Introducing your puppy to his collar, her leash and the
stairs can be a challenge. However, if your puppy is trained properly it will be simple
Get Puppy To Climb Stairs
If your dog is afraid of stairs, or simply does not know
how to climb them, then begin slowly to build her confidence. Start off at the bottom of a flight of steps. A wide, shallow
stairway will probably be least frightening for your dog. Go up one step; encourage and lure your dog up with your voice,
a food treat or a toy. When she is successful, give her lots of reward and praise. Then go back down that same step. Repeat
only one step over and over until your dog goes up and down with ease and courage. Wait a while, then try two steps. When
your dog feels secure going up and down two steps, then try three steps and so on. Never force your dog to go up or down as
this will only frighten her and slow the process. Always use praise and lures to get your dog to go up or down a step. Don't
rush her into doing more than she can, take things "one step at a time."
Get Puppy to Accept His Collar
Young pups are often bewildered or unsure of themselves
and their newly acquired leash and collar. It usually takes only a few hours for a pup or even an adult dog to adjust to a
collar. Choose a collar that fits comfortably but securely. Choke collars are a training aid and should never be used as a
substitute for a regular buckle type collar. The collar should have an identification tag and license attached. Simply put the collar on the dog and let him jump, squirm, roll and paw at
it if he wishes. Don't encourage the behavior by laughing or trying to soothe him. Do not reprimand him either. It's best
to just ignore him and let him get used to it or provide some distraction to get his mind off the collar. Play, training and
eating work well to get the pup's mind off the collar. Once the dog accepts it, he won't even know it's there. It's similar
to a person getting used to wearing a ring or watch for the first time.
Get Puppy to Accept The Leash
Once your pup accepts the collar, put his leash on and
then just sit and watch. Obviously, do this indoors or in a secure confined area. Let puppy drag the leash around on his own
but keep a close eye on him so that he doesn't tangle or get hurt. Leave it on for just a few minutes at first. Later, repeat
the exercise for longer periods of time. Put your pup on leash during mealtimes, so he associates the leash with a pleasant
event. If he is very fearful of the leash, you may want to put it next to the food bowl for a while before attaching it to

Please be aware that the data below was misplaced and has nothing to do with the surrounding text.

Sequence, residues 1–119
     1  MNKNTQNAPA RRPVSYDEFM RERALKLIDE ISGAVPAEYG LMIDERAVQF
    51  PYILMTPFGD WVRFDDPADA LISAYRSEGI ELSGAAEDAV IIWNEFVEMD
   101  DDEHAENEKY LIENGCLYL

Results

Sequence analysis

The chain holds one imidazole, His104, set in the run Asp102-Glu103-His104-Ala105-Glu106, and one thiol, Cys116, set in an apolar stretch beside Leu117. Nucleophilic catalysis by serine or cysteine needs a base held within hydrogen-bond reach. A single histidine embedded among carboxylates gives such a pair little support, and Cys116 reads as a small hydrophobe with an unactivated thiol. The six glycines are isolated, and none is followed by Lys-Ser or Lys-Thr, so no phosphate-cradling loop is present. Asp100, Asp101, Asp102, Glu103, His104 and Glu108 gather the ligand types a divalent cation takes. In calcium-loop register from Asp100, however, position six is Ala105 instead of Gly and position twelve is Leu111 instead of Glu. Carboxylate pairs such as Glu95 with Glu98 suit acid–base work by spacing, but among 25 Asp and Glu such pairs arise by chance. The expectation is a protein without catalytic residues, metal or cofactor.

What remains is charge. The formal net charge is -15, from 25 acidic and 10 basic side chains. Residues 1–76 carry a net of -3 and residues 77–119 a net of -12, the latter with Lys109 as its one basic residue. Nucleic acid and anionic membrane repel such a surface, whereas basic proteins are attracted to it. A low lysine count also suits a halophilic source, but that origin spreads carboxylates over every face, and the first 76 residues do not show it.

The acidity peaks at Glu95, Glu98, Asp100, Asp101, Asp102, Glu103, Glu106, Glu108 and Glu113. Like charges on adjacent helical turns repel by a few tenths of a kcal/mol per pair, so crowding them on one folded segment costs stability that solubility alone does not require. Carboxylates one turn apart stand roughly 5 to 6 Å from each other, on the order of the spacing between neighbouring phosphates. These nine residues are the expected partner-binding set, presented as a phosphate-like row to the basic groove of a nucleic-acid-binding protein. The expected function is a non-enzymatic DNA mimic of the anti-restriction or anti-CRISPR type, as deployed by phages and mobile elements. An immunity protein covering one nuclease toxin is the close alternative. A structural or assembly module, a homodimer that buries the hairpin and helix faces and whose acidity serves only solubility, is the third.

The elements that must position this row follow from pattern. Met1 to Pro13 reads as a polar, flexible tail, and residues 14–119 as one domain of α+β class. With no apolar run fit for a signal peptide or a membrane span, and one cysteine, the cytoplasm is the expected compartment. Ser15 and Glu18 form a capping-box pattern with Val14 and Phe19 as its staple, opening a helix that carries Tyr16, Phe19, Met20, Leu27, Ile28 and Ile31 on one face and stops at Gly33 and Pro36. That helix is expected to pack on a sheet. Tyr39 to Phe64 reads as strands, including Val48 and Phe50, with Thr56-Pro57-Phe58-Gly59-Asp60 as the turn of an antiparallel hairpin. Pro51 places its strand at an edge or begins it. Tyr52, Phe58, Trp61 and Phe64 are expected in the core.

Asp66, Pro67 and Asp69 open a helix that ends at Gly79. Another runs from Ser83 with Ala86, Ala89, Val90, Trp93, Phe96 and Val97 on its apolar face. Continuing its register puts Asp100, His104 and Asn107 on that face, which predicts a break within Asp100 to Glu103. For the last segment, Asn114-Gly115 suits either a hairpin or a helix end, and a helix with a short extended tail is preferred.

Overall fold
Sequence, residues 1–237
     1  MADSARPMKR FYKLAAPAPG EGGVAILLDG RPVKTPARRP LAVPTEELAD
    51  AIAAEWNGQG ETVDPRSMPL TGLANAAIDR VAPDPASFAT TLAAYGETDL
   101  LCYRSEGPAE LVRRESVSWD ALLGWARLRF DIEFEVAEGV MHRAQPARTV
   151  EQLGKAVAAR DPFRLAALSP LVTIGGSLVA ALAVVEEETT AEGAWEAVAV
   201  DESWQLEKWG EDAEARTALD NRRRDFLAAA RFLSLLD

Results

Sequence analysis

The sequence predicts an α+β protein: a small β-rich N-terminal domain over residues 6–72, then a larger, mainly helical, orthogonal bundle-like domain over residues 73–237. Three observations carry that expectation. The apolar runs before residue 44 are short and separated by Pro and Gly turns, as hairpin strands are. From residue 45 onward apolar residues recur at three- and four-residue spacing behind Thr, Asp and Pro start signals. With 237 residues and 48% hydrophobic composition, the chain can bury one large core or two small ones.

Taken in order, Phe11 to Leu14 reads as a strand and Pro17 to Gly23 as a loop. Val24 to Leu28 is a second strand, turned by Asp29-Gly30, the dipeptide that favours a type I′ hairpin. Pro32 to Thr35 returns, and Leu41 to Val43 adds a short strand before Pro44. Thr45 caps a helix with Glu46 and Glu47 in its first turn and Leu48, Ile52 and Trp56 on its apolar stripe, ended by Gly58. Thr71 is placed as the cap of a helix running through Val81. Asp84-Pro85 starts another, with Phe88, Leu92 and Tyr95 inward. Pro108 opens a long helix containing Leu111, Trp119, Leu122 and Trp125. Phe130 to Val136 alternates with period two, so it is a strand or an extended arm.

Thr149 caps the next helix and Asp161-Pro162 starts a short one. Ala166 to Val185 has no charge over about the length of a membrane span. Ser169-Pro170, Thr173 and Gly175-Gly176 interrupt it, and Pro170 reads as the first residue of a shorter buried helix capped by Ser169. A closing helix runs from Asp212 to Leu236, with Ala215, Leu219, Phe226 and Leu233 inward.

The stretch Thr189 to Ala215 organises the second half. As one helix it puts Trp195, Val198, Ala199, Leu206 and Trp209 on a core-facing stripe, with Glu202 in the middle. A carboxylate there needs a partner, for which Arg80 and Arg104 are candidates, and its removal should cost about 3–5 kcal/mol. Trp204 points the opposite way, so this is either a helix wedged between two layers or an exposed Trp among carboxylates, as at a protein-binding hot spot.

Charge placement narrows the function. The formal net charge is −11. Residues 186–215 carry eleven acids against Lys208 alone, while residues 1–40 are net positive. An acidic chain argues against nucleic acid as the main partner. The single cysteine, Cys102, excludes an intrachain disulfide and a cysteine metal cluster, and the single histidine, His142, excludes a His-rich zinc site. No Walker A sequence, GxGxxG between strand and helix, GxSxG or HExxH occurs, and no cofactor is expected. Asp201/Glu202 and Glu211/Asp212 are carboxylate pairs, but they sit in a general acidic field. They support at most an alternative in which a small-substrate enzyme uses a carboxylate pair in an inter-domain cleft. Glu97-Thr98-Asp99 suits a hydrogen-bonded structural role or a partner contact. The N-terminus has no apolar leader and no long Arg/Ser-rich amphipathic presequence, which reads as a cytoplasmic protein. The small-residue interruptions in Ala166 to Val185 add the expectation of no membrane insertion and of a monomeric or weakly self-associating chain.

his collar. Eventually he will see that no harm is coming and there indeed is nothing to be afraid of. When you are sure he is completely comfortable walking around with the leash on, pick up the other end for a few minutes.
Do not try walking him yet. Just hold onto the other end and let him lead you around. Try not to get into a position that
will make him pull or strain on the leash or he will probably become afraid of it again. If he sits down, that is okay. You
just sit down too. Try backing up and enticing him to come towards you. If he hesitates, don't pull or drag him by the leash.
Try luring him over to you with a food treat or toy. When he starts to walk, praise him profusely so he knows how happy you
are. Give him lots of time to get used to his leash and always try to make it a pleasant experience. Give your pup lots of practice getting used to walking on leash in his own home, since it is a familiar environment
with minimal distractions. When he is comfortable indoors, try going outdoors. Again, begin in an area with few distraction
such as your front or back yard. When the two of you have mastered this, you are ready for places where there are more distractions.
This exercise won't be difficult, since you've both had lots of practice beforehand at getting it right. If your pup is biting and chewing the leash, try applying bitter apple, Tabasco or some other unpleasant tasting (but
nontoxic) substance to the leash. Reapply before every outing. Remember to always walk your dog on-leash. A dog off-leash is always in danger; accidents happen very quickly. Your
dog's safety as well as compliance with your local leash law, is your responsibility.